Paul Goldsmith (Photo Courtesy "Conversations With A Winner â€" The Ray Nichels Story")
..."I guess the truth isn't that exciting," laughs Paul Goldsmith from his office at Griffith-Merrillville Airport in Northern Indiana, the facility he has owned and operated for four decades, "but, I raced because I wanted to eat!"
Not necessarily the romantic image most have of the inspiration required to run hard and fast with motorized vehicles.Yet, for a child raised in the ravages of the Great Depression and the deprivations of a World War, the availability of the next meal was a high priority indeed. It takes more than just a mundane need, however, to endure in racing.Desire, determination and a sense of adventure are a few of the motivators.And Goldsmith
didn't just endure, he
excelled. Born in Parkersburg, W.Va., in 1925, his
family moved to Detroit while he
was a teenager.After serving in the Merchant Marines during the war, he went to work in the Chrysler plant and bought a Harley-Davidson with his hard-earned money.
That purchase led him to a lifetime in racing. Paul Goldsmith (Photo Courtesy "Conversations With A Winner â€
...Paul Goldsmith (Photo Courtesy "Conversations With A Winner â€" The Ray Nichels Story")
"The AMA held one of their first races at Marshall, Mich.," recalls Goldsmith
."Back then, they ran three classes: Novice, Amateur and Expert.The local Harley dealer, Earl Robinson, had been helping me develop my motorcycle.I guess I looked pretty good, so he
moved me to the Expert class because they were short on Experts.And that's where I stayed."Goldsmith
finished third in his
initial AMA venture and ran so well on the county fair circuit that he
got a call from Harley. "Walter Davidson met with me," recalls Goldsmith
, "and offered me an excellent deal to run for them.I was just a snotty-nose kid, and I remember thinking, â€˜Man, I've really gone uptown!'" Goldsmith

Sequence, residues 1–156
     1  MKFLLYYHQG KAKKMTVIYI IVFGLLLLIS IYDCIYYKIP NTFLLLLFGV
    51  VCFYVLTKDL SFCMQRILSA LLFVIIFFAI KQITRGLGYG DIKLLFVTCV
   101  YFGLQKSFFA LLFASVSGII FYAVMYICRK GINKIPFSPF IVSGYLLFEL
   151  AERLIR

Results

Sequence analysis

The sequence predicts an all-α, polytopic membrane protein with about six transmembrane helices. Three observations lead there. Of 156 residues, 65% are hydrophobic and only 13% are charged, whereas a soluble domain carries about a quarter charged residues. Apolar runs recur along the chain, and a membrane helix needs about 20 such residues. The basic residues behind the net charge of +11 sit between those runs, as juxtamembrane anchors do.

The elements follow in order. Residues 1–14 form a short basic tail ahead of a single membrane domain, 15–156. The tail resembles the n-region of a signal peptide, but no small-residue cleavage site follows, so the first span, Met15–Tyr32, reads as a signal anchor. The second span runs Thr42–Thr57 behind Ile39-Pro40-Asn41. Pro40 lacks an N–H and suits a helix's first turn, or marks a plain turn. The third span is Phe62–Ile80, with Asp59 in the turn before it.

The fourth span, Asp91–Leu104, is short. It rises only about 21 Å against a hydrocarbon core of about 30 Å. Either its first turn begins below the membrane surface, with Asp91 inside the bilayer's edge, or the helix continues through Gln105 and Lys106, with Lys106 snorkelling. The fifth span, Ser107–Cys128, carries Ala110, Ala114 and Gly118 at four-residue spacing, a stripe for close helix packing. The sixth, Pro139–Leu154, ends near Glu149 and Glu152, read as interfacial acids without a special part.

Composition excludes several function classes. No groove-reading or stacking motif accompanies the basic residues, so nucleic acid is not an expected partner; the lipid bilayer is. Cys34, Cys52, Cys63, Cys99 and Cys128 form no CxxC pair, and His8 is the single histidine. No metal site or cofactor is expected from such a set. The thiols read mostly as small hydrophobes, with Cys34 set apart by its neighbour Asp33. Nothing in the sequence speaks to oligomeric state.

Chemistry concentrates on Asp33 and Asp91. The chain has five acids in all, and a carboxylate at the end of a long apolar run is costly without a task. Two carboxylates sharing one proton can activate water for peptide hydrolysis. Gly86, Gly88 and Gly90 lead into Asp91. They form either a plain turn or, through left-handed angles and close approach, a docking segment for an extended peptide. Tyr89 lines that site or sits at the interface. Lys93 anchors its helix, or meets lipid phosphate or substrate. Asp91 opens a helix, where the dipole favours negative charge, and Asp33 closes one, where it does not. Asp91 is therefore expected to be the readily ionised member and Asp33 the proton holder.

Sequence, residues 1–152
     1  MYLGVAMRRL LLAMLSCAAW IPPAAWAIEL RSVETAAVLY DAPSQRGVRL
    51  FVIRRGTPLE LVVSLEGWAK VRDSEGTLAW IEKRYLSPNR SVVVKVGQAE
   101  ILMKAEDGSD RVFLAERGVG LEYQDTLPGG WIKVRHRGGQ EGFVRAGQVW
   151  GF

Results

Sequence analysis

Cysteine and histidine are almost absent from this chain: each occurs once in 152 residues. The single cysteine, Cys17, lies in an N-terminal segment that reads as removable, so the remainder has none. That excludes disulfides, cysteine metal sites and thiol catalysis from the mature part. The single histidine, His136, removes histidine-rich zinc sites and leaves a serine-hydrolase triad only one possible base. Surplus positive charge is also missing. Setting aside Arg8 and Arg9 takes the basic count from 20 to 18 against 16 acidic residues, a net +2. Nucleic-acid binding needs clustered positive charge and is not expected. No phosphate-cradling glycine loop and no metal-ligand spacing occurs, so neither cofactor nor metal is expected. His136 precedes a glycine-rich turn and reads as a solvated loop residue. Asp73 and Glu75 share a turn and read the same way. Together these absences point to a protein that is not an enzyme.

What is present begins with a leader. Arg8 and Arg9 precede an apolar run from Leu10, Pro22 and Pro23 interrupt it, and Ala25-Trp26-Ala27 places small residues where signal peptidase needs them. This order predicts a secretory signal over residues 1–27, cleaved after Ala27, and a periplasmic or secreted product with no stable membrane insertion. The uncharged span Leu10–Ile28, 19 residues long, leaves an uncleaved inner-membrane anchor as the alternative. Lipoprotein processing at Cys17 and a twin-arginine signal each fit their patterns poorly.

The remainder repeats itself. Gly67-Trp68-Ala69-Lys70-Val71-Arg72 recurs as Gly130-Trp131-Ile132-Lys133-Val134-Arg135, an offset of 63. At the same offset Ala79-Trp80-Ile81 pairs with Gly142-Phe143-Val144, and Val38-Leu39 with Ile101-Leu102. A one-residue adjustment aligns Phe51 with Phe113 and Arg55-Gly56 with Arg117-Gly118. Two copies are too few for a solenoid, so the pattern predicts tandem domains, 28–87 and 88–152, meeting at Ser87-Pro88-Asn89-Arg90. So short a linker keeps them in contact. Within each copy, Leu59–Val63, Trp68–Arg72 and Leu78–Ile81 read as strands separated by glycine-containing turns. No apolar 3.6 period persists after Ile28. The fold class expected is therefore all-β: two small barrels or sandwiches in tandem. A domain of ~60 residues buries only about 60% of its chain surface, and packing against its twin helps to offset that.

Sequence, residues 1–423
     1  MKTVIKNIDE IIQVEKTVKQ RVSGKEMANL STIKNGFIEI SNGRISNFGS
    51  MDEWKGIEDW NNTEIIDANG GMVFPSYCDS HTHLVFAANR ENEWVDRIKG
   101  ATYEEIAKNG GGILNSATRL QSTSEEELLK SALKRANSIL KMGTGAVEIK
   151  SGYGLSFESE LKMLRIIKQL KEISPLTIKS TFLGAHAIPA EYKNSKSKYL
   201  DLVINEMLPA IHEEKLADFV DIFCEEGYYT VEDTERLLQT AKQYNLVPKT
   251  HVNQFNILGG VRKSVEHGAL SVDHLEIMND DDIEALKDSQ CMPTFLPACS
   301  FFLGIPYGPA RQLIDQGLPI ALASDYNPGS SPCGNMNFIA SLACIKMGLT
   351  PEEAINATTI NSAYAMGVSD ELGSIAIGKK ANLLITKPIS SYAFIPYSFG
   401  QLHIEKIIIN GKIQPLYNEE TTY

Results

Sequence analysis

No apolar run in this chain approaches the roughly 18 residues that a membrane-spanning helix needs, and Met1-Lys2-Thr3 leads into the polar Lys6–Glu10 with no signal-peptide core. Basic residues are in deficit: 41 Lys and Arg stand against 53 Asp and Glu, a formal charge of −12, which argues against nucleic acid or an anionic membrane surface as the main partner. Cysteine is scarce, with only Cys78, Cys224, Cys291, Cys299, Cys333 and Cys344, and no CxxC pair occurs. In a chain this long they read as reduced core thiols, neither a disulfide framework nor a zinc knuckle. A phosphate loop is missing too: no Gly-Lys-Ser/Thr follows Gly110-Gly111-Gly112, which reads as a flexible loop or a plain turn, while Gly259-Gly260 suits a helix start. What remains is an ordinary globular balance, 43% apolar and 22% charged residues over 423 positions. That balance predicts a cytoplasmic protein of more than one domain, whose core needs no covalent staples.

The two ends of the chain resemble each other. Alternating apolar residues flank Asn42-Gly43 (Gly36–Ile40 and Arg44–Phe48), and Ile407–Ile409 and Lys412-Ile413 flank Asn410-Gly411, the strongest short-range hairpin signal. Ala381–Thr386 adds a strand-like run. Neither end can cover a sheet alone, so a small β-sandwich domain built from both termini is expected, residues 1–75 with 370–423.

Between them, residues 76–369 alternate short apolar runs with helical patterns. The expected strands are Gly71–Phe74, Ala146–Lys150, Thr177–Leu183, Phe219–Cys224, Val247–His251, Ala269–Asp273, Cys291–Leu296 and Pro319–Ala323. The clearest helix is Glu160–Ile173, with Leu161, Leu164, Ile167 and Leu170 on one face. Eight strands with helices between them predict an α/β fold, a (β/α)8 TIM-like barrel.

made the most out of the deal, eventually winning 27 AMA events, including five AMA Nationals, as well as the prestigious 1953 Daytona 200, ran on the beach/road course. Through Marshal Teague, Goldsmith
helped Marshal Teague on his Hudsons until the AMA motorcycle season started.
...Yunick and Goldsmith built a relationship that helped Goldsmith get his start racing cars.
"Smokey was one of those guys that liked to get things done," recalls Goldsmith
had competed in only one auto race before driving Yunick's Chevy.He
had helped a friend prepare a car, which he
then drove in a very early NASCAR event at the Detroit Fairgrounds.He
won it. Goldsmith's
first race with Yunick
was nearly as successful.
"It was a convertible race at the old dirt track in Charlotte," recalls Goldsmith
."I won the pole, with Curtis Turner lined up next to me.I was running good until I broke a shock, caught a rut, and rolled completely over.I landed on my wheels and never slowed up.But I didn't have time to catch Curtis.After that, I'm sure they all thought I was crazy, and I guess I was, but I was on my way!" In 1958, Goldsmith
won Daytona.Driving Yunick's Chevy, he
edged out Turner by five car lengths in the last race held on the old beach/road course.Afterwards, they looked towards Indianapolis. "Smokey had always wanted to try the 500," recalls Goldsmith
, "and wanted to know if I'd drive.
narrowly escaped becoming a fatality himself.
Shortly after the 1958 500, Goldsmith
got a call for a lunch meeting with GM's
Because of his
heavy test and race schedule, Goldsmith
turned to flying to make all the dates, becoming one of the first drivers to earn a pilot's license and to own his
own plane.That evolved into the aviation business he
owns today. Goldsmith
was one of the few drivers of that era who wisely invested his
money.At one time, he
owned two horse farms in Florida and a dozen Burger King restaurants.He
has sold those and has the financial resources to retire. But don't suggest it."I'll never retire," states Goldsmith
emphatically."I tried it back in the 1980s and didn't like it.To keep busy, I actually got my license to race standard bred horses." Goldsmith
nearly won his
first sulky race at the Meadowlands, but his
horse threw a shoe.He
placed third in his
next outing but soon stepped out of the sulky and back to running his
businesses. At 81, Goldsmith
still works daily, flying hundreds of hours a year.He
still insists he
has to eat. One suspects, however, that the desire, determination and adventuresome spirit that took Goldsmith
to the pinnacle of racing is what motivates him still today.